October 20, 2016: Journal of Alzheimer's Disease: JAD
K Lee, A Priezzhev, S Shin, Y Francois, I Meglinski
BACKGROUND: The novel measure of the red blood cells (RBC) aggregation (RBC-A) - the critical (minimum) shear stress (CSS) to prevent the cells from aggregation was found to be a promising clinically significant parameter. However, the absolute values of this parameter were found to change significantly depending on the shearing geometry (cup-and-bob, cone-plate or microchannel-flow) and have different temperature dependences along with it. The direct confirmation of these dependences aimed to find out the correct values is still pending...
October 18, 2016: Clinical Hemorheology and Microcirculation
Michael E Holmstrup, Brock T Jensen, William S Evans, Emily C Marshall
The kettlebell swing (KBS), emphasizing cyclical, explosive hip extension in the horizontal plane, aligns with movement- and velocity-specificity of sprinting. The present study examined the effect of an eight-week KBS intervention on sprinting in recreationally-active females, in comparison to an eight-week intervention using the stiff-legged deadlift (SDL). Following a pre-testing session measuring 30 meter sprint and countermovement vertical jump performance, participants were divided evenly by sprint time into KBS (n=8) and SDL (n=10) cohorts...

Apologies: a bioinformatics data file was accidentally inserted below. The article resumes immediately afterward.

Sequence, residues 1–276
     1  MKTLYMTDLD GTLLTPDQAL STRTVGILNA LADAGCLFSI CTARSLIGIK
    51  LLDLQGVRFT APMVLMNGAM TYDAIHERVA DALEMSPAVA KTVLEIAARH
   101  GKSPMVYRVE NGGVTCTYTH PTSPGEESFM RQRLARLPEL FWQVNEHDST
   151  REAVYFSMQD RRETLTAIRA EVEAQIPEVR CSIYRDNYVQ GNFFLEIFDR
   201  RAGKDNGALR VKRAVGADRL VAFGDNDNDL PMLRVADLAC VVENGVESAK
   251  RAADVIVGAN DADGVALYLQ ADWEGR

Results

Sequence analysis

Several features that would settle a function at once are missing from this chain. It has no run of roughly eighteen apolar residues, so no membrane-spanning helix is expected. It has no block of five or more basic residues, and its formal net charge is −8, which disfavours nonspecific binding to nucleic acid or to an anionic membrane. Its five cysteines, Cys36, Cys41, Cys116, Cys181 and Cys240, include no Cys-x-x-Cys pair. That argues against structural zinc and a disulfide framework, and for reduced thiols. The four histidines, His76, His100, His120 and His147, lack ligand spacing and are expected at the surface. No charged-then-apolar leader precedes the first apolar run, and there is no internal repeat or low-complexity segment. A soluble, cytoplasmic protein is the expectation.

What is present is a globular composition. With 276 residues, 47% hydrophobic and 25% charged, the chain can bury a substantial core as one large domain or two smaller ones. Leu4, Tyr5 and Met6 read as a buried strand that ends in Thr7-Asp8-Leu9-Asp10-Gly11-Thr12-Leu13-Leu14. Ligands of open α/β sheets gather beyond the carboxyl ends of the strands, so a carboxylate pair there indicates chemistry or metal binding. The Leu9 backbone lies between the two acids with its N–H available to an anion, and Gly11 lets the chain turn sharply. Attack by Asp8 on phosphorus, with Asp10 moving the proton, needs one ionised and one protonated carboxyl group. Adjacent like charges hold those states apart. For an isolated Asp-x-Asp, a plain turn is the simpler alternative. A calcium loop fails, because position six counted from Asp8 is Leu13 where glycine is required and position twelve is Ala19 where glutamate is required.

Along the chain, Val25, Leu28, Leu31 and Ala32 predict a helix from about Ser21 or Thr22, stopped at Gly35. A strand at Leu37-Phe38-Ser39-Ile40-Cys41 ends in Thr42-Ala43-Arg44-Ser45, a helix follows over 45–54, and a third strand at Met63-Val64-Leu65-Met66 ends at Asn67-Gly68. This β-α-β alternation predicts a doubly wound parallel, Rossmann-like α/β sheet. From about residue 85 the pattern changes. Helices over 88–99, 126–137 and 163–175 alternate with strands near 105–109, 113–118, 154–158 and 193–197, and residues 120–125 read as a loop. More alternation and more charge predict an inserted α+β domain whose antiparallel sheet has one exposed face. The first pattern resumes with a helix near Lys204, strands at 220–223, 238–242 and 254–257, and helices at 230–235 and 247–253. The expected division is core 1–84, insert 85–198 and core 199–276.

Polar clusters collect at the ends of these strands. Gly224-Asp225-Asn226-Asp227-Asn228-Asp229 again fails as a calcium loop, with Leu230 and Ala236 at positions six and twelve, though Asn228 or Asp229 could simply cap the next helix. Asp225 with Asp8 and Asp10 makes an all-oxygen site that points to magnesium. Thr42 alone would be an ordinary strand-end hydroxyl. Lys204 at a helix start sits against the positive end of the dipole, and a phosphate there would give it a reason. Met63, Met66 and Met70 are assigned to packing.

2016: International Journal of Exercise Science
Silvia Dal Santo, Alberto Palliotti, Sara Zenoni, Giovanni Battista Tornielli, Marianna Fasoli, Paola Paci, Sergio Tombesi, Tommaso Frioni, Oriana Silvestroni, Andrea Bellincontro, Claudio d'Onofrio, Fabiola Matarese, Matteo Gatti, Stefano Poni, Mario Pezzotti